What chemical process that can be defined as "metabolic" is the simplest found in any organism, and are there even simpler theoretical metabolic pathways, that are simpler than any found in known organisms?

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    $\begingroup$ How would one objectively identify a metabolic pathway as "simple"? What are the criteria for simplicity? $\endgroup$
    – Bryan Krause
    Commented Sep 15, 2023 at 16:35
  • $\begingroup$ We don’t do definitions much in biology. Certainly we define our terms in any discussion, but generally in our own terms, rather than by appeal to some authority. “Pathway” is a synthetic human concept — we, not Nature —define the first step and the last step, draw a ring round connected reactions of our choice, and call it a pathway. Please go back and finish reading the Tour to find out what questions are acceptable here, then the Help on asking — particularly the need to provide context. What is the biological problem you are facing. And, as Bryan requested, define your terms. $\endgroup$
    – David
    Commented Sep 15, 2023 at 18:32

1 Answer 1


Trivially: the protonation/deprotonation of water.

This is a process that happens spontaneously without any other inputs or outputs or catalysis under physiological conditions.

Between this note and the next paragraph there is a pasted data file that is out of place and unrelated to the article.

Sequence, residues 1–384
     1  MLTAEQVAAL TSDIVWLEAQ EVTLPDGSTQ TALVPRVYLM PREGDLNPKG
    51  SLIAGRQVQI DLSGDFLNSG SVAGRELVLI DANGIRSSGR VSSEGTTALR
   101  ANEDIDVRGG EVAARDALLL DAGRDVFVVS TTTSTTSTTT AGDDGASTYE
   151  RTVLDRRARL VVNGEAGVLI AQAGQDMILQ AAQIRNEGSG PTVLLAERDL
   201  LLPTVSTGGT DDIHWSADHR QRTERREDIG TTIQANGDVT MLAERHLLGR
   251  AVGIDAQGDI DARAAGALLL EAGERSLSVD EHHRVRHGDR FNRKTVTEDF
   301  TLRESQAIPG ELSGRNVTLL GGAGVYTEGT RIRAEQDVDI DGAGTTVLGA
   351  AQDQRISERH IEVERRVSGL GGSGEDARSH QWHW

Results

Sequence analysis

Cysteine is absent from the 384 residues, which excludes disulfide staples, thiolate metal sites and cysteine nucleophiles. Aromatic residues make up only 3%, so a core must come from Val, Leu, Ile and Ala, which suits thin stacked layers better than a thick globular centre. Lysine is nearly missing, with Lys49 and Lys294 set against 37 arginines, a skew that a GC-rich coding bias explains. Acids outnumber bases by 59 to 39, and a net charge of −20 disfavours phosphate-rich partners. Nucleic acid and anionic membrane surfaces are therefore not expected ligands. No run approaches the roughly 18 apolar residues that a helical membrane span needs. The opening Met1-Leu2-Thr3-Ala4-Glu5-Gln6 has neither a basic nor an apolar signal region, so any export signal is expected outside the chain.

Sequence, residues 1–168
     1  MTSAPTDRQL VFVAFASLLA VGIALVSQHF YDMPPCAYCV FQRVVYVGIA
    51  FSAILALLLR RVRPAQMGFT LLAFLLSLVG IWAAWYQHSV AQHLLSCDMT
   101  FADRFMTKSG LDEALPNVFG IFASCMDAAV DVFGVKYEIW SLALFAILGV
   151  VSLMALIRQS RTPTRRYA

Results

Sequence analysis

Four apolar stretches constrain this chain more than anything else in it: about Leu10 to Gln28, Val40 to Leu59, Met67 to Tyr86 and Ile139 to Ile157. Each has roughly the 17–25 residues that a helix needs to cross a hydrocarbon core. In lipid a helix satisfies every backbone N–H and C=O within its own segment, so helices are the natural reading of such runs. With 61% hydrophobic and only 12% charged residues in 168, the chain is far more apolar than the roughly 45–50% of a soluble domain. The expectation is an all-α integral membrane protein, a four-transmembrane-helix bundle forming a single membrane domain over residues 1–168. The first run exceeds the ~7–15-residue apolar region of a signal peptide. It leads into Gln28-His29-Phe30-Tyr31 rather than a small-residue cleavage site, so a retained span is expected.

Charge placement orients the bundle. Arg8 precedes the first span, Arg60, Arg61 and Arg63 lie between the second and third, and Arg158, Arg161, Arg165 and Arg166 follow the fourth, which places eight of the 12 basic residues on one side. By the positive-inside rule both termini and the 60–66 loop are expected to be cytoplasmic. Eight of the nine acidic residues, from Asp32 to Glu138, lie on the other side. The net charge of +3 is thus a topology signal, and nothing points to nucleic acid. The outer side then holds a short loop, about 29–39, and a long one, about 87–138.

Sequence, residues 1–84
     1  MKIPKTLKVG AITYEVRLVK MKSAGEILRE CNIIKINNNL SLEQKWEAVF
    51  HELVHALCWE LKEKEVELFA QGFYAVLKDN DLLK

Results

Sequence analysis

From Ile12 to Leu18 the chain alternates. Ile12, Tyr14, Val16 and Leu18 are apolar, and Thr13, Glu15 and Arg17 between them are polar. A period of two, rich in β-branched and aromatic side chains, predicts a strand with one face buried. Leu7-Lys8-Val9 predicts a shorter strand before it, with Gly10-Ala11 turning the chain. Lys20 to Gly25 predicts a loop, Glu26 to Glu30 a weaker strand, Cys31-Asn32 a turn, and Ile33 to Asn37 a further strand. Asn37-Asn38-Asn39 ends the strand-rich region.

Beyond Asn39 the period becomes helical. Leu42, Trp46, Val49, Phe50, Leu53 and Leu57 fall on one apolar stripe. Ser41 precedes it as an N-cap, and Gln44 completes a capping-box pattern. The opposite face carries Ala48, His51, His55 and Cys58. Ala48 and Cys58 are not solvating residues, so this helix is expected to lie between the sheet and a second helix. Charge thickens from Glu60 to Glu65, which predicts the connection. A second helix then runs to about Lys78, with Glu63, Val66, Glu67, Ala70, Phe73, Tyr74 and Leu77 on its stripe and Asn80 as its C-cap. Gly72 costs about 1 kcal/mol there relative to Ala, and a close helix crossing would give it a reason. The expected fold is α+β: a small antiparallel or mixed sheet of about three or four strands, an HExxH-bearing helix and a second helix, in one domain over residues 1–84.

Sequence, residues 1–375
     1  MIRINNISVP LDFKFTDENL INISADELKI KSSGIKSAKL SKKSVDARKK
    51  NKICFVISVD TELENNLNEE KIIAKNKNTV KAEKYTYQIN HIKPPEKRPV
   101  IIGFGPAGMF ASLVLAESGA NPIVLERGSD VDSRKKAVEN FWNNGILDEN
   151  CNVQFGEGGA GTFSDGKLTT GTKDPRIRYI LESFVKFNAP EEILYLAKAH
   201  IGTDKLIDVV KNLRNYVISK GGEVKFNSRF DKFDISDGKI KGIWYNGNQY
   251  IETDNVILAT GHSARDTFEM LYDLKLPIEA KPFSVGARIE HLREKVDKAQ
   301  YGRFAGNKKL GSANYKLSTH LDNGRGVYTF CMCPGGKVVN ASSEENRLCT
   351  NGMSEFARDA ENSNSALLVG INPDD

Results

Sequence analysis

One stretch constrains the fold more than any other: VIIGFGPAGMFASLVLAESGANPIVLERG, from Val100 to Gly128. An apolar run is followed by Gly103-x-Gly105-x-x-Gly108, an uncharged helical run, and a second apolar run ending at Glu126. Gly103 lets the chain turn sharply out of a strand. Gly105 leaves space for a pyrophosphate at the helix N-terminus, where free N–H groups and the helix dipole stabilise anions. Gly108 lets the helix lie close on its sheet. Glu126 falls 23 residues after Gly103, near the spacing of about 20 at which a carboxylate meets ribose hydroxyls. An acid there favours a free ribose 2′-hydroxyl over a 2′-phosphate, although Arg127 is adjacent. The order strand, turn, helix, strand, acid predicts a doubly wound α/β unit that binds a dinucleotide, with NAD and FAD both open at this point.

It feeds into basically every other biochemical process, and cannot be reduced into any of them.

I really agree with the commenters, so this answer goes to show that your definition is more about how you choose to draw the box around your focal point than it is about how biology works.

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    $\begingroup$ I appreciate this answer a lot. While I understand the problem with my intitial framing, I think you were able to see through the inexactitude of my framing and get to the real point of my question. Thank you all for the input on how I can better express and think about my questions, and thank you for trying to see the real question beneath my shortcomings in asking it clearly. $\endgroup$ Commented Sep 22, 2023 at 13:08
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    $\begingroup$ @blacktopshaman don't be too harsh on yourself. this stuff is hard. $\endgroup$ Commented Oct 18, 2023 at 19:07
  • $\begingroup$ This will not wash. The protonation of water is not a metabolic reaction, much less a metabolic pathway. First, metabolic reactions are generally regarded (any hit from a Google search or text book of biochemistry) as enzyme-catalysed reactions reacting on metabolites — chemical intermediates in energy generations, anabolism or elimination of waste products. Water participates in such reactions but is hardly regarded as a metabolite and its ionization does not require catalysis. Similarly, definitions of metabolic pathways refer to reactions in the plural, generally using the word "sequence". $\endgroup$
    – David
    Commented Oct 18, 2023 at 22:57

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